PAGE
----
pkg update
pkg install -r poudriere llvm39

# clean up and exit the chroot
rm /etc/resolv.conf
exit

Now I can configure poudriere to use the toolchain by creating a /usr/local/etc/poudriere.d/postgres96_103x64-make.conf file with content like this:

# Use clang
CC=clang39
CXX=clang++39
CPP=clang-cpp39

DEFAULT_VERSIONS+=pgsql=9.6 ssl=openssl

The next step is what took me the longest to figure out, probably because I had not studied how poudriere works with ZFS very carefully. It turns out poudriere makes a snapshot of the jail named clean, and then clones that snapshot each time it performs a build. So all I needed to do was re-create that snapshot:
 
# Recreate snapshot for build
zfs destroy zpoud/poudriere/jails/postgres96_103x64@clean
zfs snapshot zpoud/poudriere/jails/postgres96_103x64@clean

Finally, the build can begin normally, and the custom toolchain will be used:

# Build packages
poudriere bulk -j postgres96_103x64 -p HEAD \
    -f /usr/local/etc/poudriere.d/postgres96-port-list

Update target system to use poudriere repository

Once the system's build is complete, it is possible to configure pkg on that system to use the toolchain repository via a /usr/local/etc/pkg/repos/poudriere.conf file:

poudriere: {
    url: "http://poudriere/packages/postgres96_103x64-HEAD/",
    mirror_type: "http",
    signature_type: "pubkey",
    pubkey: "/usr/local/etc/ssl/certs/poudriere.cert",
    enabled: yes,
    priority: 100
}

Then I copied the certificate from the build host to the file as configured above. I no longer want to use the default FreeBSD packages on this system, so I created a /usr/local/etc/pkg/repos/freebsd.conf file to disable it, with the following content:

FreeBSD: {
    enabled: no
}

Done! Now, after running pkg update, all packages will install from the poudriere repository, and I no longer need to compile the software on the system itself.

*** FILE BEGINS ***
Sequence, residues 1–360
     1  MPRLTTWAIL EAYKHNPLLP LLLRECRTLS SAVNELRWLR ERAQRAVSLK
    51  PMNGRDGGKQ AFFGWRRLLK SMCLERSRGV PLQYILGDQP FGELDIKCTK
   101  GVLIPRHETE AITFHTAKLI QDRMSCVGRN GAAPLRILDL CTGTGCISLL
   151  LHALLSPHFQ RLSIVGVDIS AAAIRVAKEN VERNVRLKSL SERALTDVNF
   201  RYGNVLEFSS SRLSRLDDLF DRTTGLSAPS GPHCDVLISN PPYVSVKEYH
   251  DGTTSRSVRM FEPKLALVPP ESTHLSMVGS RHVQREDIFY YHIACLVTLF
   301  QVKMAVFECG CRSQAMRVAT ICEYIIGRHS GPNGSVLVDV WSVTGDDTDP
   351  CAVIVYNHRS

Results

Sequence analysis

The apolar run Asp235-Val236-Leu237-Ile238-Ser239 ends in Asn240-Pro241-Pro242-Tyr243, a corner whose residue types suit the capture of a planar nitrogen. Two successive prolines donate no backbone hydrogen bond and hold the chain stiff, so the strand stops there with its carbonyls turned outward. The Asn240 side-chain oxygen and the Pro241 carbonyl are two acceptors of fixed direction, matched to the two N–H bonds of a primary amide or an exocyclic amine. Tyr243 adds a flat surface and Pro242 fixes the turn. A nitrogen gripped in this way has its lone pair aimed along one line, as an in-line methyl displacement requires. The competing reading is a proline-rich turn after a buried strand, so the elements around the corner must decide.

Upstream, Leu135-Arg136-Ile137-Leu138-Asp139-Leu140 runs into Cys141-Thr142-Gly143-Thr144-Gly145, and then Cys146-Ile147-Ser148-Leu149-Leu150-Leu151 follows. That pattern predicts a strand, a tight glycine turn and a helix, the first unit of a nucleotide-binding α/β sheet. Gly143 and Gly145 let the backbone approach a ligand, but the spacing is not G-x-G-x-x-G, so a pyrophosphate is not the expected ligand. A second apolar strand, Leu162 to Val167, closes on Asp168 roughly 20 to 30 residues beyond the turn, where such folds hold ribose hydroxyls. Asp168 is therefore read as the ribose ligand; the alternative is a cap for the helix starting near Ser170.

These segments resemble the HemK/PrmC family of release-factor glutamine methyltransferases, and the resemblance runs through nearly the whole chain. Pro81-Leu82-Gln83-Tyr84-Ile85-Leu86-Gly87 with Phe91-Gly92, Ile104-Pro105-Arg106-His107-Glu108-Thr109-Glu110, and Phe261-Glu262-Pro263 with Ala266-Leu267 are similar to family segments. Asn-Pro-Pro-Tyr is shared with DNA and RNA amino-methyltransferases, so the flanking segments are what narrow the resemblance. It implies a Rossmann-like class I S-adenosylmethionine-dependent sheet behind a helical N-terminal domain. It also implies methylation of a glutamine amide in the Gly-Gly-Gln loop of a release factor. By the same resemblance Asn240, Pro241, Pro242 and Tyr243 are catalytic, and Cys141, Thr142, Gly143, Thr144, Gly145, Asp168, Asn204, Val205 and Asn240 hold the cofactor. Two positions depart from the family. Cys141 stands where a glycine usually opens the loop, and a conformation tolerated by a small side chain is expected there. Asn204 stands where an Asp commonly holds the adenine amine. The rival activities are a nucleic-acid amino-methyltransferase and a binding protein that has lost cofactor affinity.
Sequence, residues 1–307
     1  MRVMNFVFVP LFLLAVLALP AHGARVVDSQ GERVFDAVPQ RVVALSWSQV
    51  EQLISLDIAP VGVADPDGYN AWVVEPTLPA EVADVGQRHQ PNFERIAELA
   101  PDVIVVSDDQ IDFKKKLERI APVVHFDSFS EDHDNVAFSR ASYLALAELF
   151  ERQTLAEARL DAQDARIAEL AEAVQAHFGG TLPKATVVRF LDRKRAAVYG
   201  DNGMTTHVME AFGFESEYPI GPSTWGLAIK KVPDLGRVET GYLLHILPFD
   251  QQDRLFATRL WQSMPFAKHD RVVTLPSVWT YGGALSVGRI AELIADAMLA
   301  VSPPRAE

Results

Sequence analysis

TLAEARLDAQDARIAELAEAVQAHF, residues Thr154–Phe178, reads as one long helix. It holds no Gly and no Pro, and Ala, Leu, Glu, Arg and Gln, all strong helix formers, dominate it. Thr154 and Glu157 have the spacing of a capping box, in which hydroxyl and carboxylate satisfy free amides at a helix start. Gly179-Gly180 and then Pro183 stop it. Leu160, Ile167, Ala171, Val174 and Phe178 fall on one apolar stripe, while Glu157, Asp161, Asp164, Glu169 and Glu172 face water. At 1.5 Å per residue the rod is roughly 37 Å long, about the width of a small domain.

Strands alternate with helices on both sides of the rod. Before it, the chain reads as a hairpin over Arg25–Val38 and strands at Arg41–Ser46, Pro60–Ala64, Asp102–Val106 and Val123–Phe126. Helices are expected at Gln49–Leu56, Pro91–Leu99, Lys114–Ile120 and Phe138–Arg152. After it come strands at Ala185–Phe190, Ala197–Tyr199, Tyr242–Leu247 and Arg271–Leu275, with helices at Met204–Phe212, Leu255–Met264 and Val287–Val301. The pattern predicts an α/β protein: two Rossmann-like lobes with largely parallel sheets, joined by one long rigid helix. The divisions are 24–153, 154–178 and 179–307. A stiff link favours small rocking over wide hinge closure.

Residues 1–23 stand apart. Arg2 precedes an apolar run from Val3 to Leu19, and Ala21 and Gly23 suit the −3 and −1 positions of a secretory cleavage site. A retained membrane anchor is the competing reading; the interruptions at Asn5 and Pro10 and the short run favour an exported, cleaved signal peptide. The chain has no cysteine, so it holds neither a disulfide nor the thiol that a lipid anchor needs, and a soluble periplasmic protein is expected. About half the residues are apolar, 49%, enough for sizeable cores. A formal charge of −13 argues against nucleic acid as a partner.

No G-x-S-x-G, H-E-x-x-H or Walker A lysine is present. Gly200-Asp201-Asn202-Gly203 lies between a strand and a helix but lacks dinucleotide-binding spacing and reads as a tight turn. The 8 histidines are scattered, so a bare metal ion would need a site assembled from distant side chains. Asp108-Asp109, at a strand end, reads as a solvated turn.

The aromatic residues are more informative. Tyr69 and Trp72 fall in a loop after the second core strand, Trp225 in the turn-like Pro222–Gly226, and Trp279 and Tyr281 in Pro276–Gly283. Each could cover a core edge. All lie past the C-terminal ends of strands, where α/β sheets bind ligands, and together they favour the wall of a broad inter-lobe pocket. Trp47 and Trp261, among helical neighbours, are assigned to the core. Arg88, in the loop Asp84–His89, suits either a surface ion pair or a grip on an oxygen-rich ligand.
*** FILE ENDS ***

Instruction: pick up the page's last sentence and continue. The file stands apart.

Friday, May 26, 2017

VivaTech 2017

This year Greenstage will be at VivaTech in France from June 15th to 17th.  We will be sharing our distributed energy solutions with the world and showing off our latest and greatest R&D.

Viva Technology
If you are planning on coming along, check us out in the VivaTech Vinci Energy Lab.

See you there!

Sunday, December 11, 2016

SolarQuant: Experimental Deep Learning for SolarNetwork : Part 1


Experiments with Energy Signatures

One of the interesting aspects of energy management is being able to react to trends in your energy flows to optimise the way energy is used at your home or business. Understanding the patterns in a building’s energy use allows energy managers to plan and scope the kinds of energy sources needed and figure out how much money that energy will cost them today and in the future. Until recently, this has been something studied by local authorities and planners within large corporations or organisations. However, as rooftop solar systems are becoming more and more common, these energy flows are something you can actually inspect yourself. With SolarNetwork, we’ve demonstrated easy and affordable ways to roll-out energy monitoring across your home or business, using a variety of devices. Once that data is stored in SolarNet, the cloud repository, you can also get to it via the SolarQuery RESTful API from just about any development platform you choose. What we are experimenting with now is one of those applications which we’re calling SolarQuant.

SolarQuant is an application server being written in PHP and MySQL, accessing a non-linear neural network program called emergent. The aim is to produce a "point and shoot" application server that can watch the data coming from a SolarNode - whether it is a single circuit or multiple circuits - and develop an "energy signature" to characterise how energy is used or generated at that location.